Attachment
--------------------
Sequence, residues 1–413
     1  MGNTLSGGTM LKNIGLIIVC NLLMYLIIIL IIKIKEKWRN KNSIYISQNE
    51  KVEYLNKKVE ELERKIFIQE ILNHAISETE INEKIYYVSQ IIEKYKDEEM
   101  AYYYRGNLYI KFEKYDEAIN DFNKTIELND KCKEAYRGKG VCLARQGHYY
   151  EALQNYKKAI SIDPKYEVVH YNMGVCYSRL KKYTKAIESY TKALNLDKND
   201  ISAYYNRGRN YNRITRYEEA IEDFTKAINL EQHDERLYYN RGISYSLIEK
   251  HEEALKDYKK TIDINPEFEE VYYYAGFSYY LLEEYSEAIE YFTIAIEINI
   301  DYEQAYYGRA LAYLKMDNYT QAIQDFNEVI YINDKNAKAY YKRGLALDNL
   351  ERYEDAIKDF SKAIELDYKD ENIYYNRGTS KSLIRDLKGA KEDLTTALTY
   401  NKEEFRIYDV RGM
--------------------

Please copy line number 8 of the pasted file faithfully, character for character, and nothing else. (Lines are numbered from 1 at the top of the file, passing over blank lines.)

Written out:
   301  DYEQAYYGRA LAYLKMDNYT QAIQDFNEVI YINDKNAKAY YKRGLALDNL